What is money? Your answer may depend a lot on how much of it you have. Ultimately, the main purpose of money is convenience. A system of barter works pretty well when two people have things each other need – someone with chickens meets up with someone else who recently slaughtered their pig and both have bacon and eggs. But if you can also exchange those eggs for money you can save it up to buy something different or bigger.
As we’ve concluded before, Adam Smith was right – money is a matter of belief. Whether it’s gold, Euros, or Canadian Tire Money it’s worth whatever you believe it is worth. Our own US Dollar is backed by the “Full faith and credit of the US Government”, which is scary if you think about it.
But money is more than convenience and faith – it’s what it takes to make things happen. And that’s worth thinking about some more.
We live in a time when there is both too little money and too much money. One of the features of a Depression, as we live in now, is that jobs become scarce enough that the old “trading time for money” system starts to break down. The velocity, or turnover, of money in the economy means that there isn’t enough available to many people to satisfy their basic needs. The government and Fed have responded to this Keynsian stimulus (profligacy?) and the glories of “Quantitative Easing” (printing it).
While policy has certainly helped get us through the hard times, inequality has increased dramatically – and this seems to be one of the best indicators of an economy on the decline. Which naturally brings us to the meaning of money, something that depends a lot on how much you have.
What does money mean to you? Odds are it’s one of these three choices:
1) What you need to get by on a daily basis (a view typical of the poor)
2) Something to get you what you want or need (a more middle class view)
3) A way of keeping score (for the rich)
The last one may surprise you, but it’s very true. The excellent History Channel series “The Men Who Built America” is a chronicle of the industrial titans of the 19th and 20th Century, such as JP Morgan, JD Rockefeller, Andrew Carnegie, and Henry Ford among others. The size of their bankroll was very much a matter of bragging rights and what kept them to avariciously grab for more even when they were wealthy beyond their wildest dreams.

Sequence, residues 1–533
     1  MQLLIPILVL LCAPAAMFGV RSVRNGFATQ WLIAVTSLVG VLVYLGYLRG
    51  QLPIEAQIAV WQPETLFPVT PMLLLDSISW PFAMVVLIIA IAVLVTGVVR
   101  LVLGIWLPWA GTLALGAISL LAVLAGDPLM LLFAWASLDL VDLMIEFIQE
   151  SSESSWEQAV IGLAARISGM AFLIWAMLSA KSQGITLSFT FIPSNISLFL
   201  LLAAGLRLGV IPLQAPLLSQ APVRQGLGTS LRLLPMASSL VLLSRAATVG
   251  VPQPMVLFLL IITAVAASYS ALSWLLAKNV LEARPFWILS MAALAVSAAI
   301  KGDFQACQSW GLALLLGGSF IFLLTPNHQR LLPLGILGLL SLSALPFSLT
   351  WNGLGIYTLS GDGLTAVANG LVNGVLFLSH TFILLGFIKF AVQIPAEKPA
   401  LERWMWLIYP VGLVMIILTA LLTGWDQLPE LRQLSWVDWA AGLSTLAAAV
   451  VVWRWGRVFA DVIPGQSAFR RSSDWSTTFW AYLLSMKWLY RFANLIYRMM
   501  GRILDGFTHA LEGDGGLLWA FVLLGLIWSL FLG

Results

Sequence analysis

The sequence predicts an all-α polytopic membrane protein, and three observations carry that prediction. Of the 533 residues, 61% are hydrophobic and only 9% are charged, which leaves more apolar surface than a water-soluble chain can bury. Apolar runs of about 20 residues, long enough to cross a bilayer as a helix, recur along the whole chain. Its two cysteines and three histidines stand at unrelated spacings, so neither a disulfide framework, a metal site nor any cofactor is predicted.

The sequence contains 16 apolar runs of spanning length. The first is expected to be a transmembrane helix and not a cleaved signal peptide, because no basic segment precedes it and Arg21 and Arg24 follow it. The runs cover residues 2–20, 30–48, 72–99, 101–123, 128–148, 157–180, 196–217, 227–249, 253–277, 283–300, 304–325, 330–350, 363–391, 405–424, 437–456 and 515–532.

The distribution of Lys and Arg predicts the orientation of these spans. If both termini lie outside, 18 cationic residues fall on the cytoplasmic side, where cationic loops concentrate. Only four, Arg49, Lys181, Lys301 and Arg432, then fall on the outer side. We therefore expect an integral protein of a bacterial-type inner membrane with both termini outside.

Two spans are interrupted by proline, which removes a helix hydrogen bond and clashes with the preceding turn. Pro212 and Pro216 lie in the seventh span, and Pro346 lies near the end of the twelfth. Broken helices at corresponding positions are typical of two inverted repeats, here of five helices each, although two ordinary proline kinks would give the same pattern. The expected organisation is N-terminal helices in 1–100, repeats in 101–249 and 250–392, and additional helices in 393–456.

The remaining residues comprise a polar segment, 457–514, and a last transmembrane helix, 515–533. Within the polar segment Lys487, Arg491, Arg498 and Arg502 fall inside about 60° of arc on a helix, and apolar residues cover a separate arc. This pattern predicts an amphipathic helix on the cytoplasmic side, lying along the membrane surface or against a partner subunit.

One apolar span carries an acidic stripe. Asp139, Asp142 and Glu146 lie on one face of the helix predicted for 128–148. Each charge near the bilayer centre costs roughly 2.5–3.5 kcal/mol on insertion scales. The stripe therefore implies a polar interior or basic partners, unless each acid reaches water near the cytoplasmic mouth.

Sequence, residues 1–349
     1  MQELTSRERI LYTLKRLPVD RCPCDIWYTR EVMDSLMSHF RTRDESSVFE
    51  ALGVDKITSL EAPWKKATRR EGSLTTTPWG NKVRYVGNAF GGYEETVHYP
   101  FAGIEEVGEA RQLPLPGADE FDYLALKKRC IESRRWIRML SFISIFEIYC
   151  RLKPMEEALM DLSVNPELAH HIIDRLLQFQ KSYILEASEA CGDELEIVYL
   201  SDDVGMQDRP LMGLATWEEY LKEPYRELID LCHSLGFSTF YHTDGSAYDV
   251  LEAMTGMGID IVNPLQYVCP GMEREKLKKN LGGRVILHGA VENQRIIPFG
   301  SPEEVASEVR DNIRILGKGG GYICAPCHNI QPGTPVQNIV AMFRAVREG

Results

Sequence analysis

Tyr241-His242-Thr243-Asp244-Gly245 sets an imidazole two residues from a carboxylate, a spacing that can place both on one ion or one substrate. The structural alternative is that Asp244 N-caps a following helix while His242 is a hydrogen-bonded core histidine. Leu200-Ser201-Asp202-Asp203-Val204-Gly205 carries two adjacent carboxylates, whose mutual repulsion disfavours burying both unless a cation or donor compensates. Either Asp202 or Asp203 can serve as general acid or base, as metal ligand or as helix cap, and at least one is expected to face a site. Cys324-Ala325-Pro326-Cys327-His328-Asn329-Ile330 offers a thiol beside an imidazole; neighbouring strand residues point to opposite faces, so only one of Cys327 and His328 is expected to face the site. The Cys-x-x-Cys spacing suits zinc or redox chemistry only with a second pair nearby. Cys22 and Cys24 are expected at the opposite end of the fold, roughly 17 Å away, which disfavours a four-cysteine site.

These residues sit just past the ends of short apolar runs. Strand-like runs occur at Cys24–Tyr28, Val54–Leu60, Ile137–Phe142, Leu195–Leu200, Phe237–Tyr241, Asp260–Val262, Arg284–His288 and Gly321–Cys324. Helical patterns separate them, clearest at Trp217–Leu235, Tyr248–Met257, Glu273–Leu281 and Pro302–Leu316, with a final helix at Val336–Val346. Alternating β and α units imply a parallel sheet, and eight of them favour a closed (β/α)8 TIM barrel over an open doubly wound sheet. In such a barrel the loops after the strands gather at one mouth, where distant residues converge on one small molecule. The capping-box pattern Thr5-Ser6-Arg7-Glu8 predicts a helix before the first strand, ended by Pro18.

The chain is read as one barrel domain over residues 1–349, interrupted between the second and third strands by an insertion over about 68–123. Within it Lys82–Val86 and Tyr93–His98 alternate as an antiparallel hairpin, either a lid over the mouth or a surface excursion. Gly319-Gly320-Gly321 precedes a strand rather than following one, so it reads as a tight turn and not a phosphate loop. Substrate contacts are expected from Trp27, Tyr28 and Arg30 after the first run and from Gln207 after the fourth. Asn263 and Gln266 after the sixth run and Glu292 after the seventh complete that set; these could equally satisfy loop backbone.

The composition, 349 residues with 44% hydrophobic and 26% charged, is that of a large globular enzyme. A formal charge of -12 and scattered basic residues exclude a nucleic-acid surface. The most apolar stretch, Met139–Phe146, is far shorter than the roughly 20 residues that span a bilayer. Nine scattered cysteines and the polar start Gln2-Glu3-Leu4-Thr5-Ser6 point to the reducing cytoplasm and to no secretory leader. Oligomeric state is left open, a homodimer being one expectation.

This view is not limited to the rich, of course, but is common among people whose needs are pretty much satisfied. One version is “Keeping up with the Joneses”, circa 1960. Those were good times.
Each of the views above typically go hand in hand with how long into the future you are comfortable looking – whether you are surviving or thriving. But it’s when we get to “keeping score” that it all seems to break down. The timelines and horizons of the very rich only sometimes get to the point where they honestly contemplate the longest view – and what money should mean to everyone in a truly equitable society.
I tell you this – in all cases, in all classes, money is a tool. If it isn’t getting you happiness, it’s not always a matter of how much money – it may be how you are using it.
Forgetting something this happens when you just don’t have enough of it, but it also fuels the debt cycles that create Depressions in the first place. Borrowing to invest in yourself and your productivity is very different from borrowing to stay alive or live in luxury. This distinction is important, and whether we are talking about personal finance or the wealth of nations it seems to be forgotten.
Of course, some people simply do not have enough to get by – there is a basic “overhead” cost of life in America which we can call the “Poverty Line”. It’s about $11.7k for a single person, $14.7k for a couple, and $22.8 for a mythical family of four. Once you’re below that, or even close, it’s hard to see money as anything other than a desperate struggle.
But the goal for an equitable society has to be to get everyone – regardless of situation – to understand that of all the tools they have in heart and arm and brain, money is just one more in this integrated world that is far more complex than the bartering days. For some, that means we need to help them. For the rest of us, we have to re-evaluate what we are doing – as people and as a people.